“Nothing worth having ever comes easy.”
I don’t know who said that, but it’s so incredibly freaking true. For me, humility has always been the starting point for everything worthwhile I accomplish, instead of the result.
I know that’s probably a little backwards, but it’s only after a huge failure or humiliation that I begin to feel like, “Hey. Maybe I can do this. After all, I have nothing to lose.”
And maybe that’s really the key to conquering worlds and becoming an ultimate badass in general.
Maybe it’s not so much humility, but the conviction that whatever it is you’re risking will NEVER be worth more than the thing you’re trying to achieve. Maybe that’s how you can tell the difference between passing fancies and the kind of passions that move you to become great. If it seems easily “doable,” then maybe it’s a waste of your time and god-given talent. Did you ever think about that?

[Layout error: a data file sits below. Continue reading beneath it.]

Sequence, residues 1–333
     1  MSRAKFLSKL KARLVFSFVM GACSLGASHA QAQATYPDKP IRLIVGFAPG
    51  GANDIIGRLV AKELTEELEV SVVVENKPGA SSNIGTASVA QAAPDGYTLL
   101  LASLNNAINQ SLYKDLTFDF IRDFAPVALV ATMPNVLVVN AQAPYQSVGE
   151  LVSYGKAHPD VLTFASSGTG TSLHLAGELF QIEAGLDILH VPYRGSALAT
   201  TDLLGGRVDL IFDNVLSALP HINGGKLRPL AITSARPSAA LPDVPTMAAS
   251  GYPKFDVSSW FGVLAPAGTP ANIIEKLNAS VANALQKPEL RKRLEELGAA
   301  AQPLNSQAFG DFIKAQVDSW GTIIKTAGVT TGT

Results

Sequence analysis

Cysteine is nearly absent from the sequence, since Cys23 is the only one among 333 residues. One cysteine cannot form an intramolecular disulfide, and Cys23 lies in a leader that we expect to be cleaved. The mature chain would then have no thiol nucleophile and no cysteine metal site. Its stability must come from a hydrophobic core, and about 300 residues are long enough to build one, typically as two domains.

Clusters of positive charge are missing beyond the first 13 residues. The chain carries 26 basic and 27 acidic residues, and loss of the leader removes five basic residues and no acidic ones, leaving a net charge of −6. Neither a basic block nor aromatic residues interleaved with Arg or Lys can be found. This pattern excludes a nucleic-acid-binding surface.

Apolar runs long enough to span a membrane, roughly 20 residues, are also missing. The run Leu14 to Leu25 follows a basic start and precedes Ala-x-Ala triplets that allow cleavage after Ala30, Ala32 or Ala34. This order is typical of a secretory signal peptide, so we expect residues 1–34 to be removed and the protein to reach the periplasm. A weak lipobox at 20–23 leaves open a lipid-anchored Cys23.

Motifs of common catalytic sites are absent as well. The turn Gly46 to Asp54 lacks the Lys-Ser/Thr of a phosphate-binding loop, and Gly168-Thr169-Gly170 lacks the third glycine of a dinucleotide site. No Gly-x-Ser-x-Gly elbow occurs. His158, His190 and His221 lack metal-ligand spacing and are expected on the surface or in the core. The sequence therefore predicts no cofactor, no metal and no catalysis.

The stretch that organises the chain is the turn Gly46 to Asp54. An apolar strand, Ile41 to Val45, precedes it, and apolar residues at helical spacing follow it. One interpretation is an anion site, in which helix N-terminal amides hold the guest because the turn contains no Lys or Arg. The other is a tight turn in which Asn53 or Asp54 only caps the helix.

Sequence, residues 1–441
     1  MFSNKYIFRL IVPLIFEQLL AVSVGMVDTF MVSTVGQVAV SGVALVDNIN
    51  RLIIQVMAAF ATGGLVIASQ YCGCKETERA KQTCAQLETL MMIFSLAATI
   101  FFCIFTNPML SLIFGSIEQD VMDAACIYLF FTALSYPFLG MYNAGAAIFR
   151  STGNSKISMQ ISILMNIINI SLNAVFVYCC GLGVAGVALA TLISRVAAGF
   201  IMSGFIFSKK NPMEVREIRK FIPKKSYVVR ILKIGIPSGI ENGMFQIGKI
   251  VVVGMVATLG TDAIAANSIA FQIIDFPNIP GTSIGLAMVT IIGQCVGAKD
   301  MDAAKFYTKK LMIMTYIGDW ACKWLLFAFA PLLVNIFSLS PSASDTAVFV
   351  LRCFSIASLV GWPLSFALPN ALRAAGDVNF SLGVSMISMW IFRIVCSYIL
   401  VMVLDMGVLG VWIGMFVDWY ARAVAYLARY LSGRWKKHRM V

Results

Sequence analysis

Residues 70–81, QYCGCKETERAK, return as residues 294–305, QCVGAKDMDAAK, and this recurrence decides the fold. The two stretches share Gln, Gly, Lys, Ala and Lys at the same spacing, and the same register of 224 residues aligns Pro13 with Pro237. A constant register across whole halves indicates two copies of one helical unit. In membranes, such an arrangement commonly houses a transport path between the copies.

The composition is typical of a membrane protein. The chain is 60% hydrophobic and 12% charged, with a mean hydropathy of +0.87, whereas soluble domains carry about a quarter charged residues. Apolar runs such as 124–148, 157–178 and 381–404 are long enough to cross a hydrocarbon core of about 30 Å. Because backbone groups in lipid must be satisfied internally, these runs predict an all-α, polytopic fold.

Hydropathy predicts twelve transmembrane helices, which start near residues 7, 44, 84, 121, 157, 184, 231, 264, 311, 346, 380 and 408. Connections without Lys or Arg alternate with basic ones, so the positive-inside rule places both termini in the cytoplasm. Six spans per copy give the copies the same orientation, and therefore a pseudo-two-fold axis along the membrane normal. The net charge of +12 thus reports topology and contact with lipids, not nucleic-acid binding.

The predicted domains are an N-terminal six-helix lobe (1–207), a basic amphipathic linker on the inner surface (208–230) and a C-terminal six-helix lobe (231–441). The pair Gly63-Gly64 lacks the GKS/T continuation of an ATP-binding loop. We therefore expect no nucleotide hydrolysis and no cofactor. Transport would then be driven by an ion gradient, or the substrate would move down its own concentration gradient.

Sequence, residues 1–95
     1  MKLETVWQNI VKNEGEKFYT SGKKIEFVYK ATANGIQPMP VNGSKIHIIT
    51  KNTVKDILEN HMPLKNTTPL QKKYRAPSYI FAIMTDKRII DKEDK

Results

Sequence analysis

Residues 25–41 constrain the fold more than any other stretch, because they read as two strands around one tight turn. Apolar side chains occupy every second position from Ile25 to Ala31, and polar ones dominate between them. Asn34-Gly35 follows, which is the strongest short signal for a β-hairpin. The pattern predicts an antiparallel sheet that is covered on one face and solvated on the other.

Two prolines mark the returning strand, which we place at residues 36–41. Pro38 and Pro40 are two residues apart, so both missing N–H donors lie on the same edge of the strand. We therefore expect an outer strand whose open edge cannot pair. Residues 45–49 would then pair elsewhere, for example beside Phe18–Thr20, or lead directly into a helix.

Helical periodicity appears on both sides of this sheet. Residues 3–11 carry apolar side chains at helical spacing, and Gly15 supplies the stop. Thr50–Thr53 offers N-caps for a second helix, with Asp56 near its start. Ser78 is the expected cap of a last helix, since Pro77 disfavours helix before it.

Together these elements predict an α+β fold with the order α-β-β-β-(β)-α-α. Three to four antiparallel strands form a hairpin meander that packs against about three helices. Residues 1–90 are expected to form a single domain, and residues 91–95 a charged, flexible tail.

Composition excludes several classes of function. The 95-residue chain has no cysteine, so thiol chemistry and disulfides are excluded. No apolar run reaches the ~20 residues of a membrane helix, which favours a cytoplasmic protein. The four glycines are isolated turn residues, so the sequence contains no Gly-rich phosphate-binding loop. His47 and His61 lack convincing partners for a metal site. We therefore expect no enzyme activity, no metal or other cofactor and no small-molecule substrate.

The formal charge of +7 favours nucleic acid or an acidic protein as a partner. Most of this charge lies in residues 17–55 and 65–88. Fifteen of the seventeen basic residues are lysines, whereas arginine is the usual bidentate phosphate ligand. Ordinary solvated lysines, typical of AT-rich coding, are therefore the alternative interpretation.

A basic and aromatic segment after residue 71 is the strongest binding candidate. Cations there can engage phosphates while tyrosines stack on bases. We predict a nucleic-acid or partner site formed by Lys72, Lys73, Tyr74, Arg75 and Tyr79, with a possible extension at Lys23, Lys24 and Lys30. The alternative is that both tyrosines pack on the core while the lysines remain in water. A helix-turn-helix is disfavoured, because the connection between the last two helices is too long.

A friend of mine sent me a quote today where Earnest Hemingway (one of the “greats”) essentially stated that 95% of what he wrote was shit. But for every 90-something pages of shit he wrote, there was one page of complete and utter brilliance. So maybe that’s a metaphor for the way life is, too. Maybe you can’t ever be really amazing at something until you suck at it for a really, really long time first.
I don’t know about you, but that gives me hope. Heck, maybe I should work on sucking more… (And if you’d ignore the obvious double entendre there, I’d really super appreciate it.)